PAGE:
Now that we in Kazakhstan have won our independence we clearly see how far we are lagging behind the rest of the world. Our state policy is aimed at opening doors to the world. We seek the cooperation of the U.S. and the rest of the industrialized world, not only in industry, but in humanity, for the sake of our children.
Kazakhstan's National Goals
We will be firmly committed to the principles of democracy. Moreover, our history does not contain a single instance of aggression. We have fought for our freedom and dignity, but never for another people's land. We plan to pursue a foreign policy based on peace, mutual respect and a firm commitment to keep international treaties and obligations. Over the past year, our leadership has undertaken state visits to Turkey, India, Pakistan, China and the United Kingdom, and soon the United States. This is not only to conclude new agreements as the agreements concluded in our name by the old Soviet Union are moot, but to build relations and understanding. We are trying to move from acting tactically to strategically.
We in Kazakhstan see our future as a continental bridge between East and West, and as a stabilizing force in the newly-formed Commonwealth of Independent States, mitigating the centrifugal forces that threaten to disrupt people's lives. And we believe our approach is bearing fruit.
We will join the processes of the international community and observe international agreements under the aegis of the UN, the Helsinki Accords and the various arms control treaties. Our greatest interest lies in improving our difficult economic situation and we hope to join the relevant international organizations so as to slough off our current stagnation. To that end, we have enacted domestic laws to facilitate trade and development and will sign similar agreements with other countries.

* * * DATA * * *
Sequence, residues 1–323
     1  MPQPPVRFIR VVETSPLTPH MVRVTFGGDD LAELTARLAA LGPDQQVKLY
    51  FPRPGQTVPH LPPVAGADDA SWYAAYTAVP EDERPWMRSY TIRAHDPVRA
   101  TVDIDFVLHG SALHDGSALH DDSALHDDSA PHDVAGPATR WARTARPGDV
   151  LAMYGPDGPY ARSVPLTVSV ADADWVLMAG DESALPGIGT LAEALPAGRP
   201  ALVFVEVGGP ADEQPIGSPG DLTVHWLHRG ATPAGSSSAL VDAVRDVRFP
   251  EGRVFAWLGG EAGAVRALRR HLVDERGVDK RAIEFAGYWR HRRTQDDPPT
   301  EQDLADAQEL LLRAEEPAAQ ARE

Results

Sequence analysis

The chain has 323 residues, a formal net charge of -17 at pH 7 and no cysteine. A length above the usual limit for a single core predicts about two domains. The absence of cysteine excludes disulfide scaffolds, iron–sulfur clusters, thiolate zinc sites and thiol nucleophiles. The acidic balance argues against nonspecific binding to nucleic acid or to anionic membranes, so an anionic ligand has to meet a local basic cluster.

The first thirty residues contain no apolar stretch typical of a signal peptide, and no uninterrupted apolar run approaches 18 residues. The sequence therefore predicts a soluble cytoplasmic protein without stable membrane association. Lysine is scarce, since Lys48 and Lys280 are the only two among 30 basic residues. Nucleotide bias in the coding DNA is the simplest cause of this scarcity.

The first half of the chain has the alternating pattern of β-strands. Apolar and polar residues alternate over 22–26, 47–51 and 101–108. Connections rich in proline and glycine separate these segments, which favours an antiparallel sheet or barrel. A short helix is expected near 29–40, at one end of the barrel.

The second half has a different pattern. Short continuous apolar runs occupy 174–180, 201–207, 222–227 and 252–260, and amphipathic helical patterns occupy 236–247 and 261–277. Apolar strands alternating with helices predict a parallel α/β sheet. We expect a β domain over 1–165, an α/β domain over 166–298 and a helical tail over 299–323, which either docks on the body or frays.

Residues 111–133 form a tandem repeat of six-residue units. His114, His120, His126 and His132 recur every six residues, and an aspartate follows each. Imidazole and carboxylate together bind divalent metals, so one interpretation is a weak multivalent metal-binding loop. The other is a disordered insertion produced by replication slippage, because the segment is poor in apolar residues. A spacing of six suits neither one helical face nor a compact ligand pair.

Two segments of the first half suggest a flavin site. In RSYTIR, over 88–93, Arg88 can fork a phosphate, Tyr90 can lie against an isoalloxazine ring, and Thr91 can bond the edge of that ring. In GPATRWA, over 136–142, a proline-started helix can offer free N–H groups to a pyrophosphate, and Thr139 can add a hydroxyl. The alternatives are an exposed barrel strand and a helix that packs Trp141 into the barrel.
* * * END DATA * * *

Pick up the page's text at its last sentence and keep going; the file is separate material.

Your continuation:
In their joint declaration of December 1991, the leaders of Russia, Kazakhstan, Belarus and the Ukraine agreed not to allow the spread of nuclear weapons or their components. We in Kazakhstan have no tactical nuclear weapons. We do have strategic weapons, however, whose destruction is a complicated process, requiring significant time and resources. In addition, these missiles-which we ourselves never wanted-are in hardened silos, which makes the process more difficult.
We want to be a nuclear-free state. We are ready to sign the Non-Proliferation Treaty and join in all necessary negotiations as to reductions in both nuclear weapons and conventional forces.
The strategic forces on Kazakh territory are under the control of the Russian President and we cannot touch them. As it stands, they can only be used with the accord of the presidents of all four nuclear republics of the former Soviet Union. We think this present agreement does not go far enough. We have never desired, and do not desire, to be part of the nuclear club and we unambiguously support all the proposals made in the context of the START agreements.
Islam in Kazakhstan
We do feel close to the countries of the Middle East in spirit and ways of life and we do have close relations with Arab countries and economic ties with Iran.
I would assure you, though, that we are not infected by Islamic fundamentalism. We will build a secular state, where religion will have its place but not be a ruling institution.
We hope to establish our relations with the countries of the Middle East on a normal basis. A year ago we began to develop contacts with Israeli businesses. We have received Israel's ambassador to Russia, Arye Levin, and the head of the Jewish Agency, Simcha Dinitz, and we hope to soon realize an agreement on the normalization of relations.
The above remarks were excerpted from Mr. Kasimov's full presentation.